And by volume they are the biggest on the planet. The basses of the pyramids were multiple football fields in stacked stone. And the biggest temples themselves rose more than 70 meters about the jungle floor. There were multiple cities with many temple complexes all connected with built stone causeways that were many meters about the earth and 20 meters wide in places. It was an immense discovery.
Tourists have been making the long trek to see these mounds slowly becoming unearthed for decades. However there is conflict. The jungle in which these temples are located is some of the most extensive subtropical forest left in Central America. It has the highest density of jaguars and other endangered animals in all of Guatemala. Chopping down the forest to build better roads was not an option to environmentalists. They were able to get the area to be declared a protected area. If it wasn’t for that it would be a big cow field right now because all of the mahogany and cedar trees would have been cut down. So there is a delicate balance being managed in how much of the temples to unearth versus how much jungle to leave intact.
To try and improve the lives of the people of Carmelita some organizations came in and made a cooperative of people. This coop would created various types of employment while protecting the forest they live in. They produce lumber, xate, and tourism. The organizations brought in trainers to train locals on customer service, how to explain the forest, history of the Mayan, first aid, accounting so that they could have their own business, computer skills, wood working, marketing, and more to help the coop grow.
They even got the government to sign over the chunk of land bordering the protected area of the largest temples called El Mirador or the lookout. With the concession to this land they could manage it in a way that would protect it for the future of the community.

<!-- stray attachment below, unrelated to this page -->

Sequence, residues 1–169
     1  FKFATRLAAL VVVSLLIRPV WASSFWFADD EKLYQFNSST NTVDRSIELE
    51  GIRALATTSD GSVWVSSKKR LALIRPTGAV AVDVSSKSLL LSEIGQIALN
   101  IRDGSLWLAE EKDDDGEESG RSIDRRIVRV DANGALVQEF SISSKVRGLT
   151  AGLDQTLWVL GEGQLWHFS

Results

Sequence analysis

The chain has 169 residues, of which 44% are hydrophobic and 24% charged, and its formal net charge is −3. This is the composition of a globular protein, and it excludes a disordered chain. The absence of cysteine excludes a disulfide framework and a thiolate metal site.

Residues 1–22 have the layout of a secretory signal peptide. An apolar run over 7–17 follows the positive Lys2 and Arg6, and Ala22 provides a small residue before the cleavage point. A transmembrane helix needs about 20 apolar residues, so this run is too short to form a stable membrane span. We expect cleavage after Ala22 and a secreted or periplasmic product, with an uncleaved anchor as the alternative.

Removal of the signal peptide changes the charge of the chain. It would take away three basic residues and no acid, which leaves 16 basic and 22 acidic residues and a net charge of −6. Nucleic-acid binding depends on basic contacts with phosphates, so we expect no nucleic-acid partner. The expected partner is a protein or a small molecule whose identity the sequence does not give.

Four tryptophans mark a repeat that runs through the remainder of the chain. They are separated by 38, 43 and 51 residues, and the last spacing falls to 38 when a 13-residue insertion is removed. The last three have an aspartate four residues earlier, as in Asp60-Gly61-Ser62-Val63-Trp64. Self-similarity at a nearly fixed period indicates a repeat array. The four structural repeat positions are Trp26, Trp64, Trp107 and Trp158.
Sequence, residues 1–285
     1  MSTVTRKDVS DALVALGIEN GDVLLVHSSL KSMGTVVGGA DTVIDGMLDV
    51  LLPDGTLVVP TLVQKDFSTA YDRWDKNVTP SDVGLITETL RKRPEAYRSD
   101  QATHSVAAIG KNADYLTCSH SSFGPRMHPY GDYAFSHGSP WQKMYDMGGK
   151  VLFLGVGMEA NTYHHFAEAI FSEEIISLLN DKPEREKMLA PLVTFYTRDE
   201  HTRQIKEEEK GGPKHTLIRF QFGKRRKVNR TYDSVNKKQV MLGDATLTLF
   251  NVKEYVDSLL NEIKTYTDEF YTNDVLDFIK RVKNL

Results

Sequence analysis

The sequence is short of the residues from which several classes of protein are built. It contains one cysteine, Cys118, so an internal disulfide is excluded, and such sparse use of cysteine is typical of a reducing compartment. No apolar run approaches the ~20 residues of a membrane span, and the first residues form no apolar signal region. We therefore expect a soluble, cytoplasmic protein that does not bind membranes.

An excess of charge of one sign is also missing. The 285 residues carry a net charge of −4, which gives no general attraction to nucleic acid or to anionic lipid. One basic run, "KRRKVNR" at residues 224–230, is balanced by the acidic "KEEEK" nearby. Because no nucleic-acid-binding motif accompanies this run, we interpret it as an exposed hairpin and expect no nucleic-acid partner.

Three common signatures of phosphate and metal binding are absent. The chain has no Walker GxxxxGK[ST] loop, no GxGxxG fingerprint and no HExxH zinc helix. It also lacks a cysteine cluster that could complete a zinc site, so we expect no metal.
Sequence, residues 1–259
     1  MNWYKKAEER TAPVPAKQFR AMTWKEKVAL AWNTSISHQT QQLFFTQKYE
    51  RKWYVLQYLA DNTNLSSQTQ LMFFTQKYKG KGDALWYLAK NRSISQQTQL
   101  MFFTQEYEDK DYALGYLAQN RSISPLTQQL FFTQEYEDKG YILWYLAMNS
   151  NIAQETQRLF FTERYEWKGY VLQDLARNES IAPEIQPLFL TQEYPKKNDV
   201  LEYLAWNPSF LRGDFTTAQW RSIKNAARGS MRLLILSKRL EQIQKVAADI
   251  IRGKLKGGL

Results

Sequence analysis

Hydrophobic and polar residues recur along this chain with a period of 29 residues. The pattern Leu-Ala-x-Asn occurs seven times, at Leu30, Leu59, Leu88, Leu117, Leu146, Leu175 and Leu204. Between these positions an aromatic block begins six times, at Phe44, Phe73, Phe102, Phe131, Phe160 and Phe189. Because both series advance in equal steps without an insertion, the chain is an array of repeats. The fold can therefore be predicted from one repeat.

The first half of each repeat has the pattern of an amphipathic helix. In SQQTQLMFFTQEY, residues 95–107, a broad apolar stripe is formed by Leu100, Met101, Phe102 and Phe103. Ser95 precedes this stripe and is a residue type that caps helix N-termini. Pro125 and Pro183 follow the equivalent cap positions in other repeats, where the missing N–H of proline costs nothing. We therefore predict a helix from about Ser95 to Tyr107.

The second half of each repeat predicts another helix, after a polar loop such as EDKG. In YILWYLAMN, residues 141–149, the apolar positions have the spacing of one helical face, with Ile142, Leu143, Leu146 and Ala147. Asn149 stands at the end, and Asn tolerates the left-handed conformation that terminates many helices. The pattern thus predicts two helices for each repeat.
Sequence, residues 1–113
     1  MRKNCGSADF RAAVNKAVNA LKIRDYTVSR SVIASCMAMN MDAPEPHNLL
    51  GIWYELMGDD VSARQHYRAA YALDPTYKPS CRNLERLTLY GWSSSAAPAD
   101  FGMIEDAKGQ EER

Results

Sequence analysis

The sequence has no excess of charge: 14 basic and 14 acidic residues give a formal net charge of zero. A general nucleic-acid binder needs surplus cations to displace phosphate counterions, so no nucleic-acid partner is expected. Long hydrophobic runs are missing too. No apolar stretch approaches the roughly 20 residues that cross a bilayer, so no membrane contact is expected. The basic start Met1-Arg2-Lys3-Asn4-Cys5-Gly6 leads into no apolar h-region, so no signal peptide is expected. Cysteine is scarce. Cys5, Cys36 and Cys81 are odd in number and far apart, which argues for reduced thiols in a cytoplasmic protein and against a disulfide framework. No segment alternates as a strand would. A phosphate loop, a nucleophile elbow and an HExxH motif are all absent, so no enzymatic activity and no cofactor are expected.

Now, normally all of this history would not matter to a tourist. But as I mentioned something unexpected happened that caused us to live in Carmelita for a couple of days. We had hired a guide that a friend had recommended. She had gone with the guide about 2 years before we arrived. In the first moment that we arrived the history of the town started to come out because there is huge conflict in the community over tourism.
Since the chicle industry went bust; the lumber industry is heavily regulated; the xate industry is really hard manual labor; then tourism is a great income generator. In a couple of days work you can earn the same as you would in a month living in the jungle harvesting xate. Everyone wants to be involved in tourism. And there is work. The Lonely Planet says that 3,000 people a year visit the Mirador and it is necessary to take a guide and a couple of mules because the trail is unmarked and there is no water or food to get along the way.
The thing is these organizations that have set up the coop have also worked with government officials to make the coop the only legitimate group that can take people to the Mirador. The coop is open to all of the 73 families in the community. However they require each guide to take a training and have a set wage to each tour. This ensures that tourists get the best experience and the guides have a fair wage.
Before the guides were charging almost nothing and not buying enough food for the tourists, or not giving them proper information. The organizations saw the coop as a way to protect the forest and to create just employment for the community. And since the coop has the concession of land that enters into the protected area they can demand that no one else can pass on their land. So in January of this year they began enforcing a rule that any tourist going to the Mirador had to do so with a guide, horseman, and cook from the coop.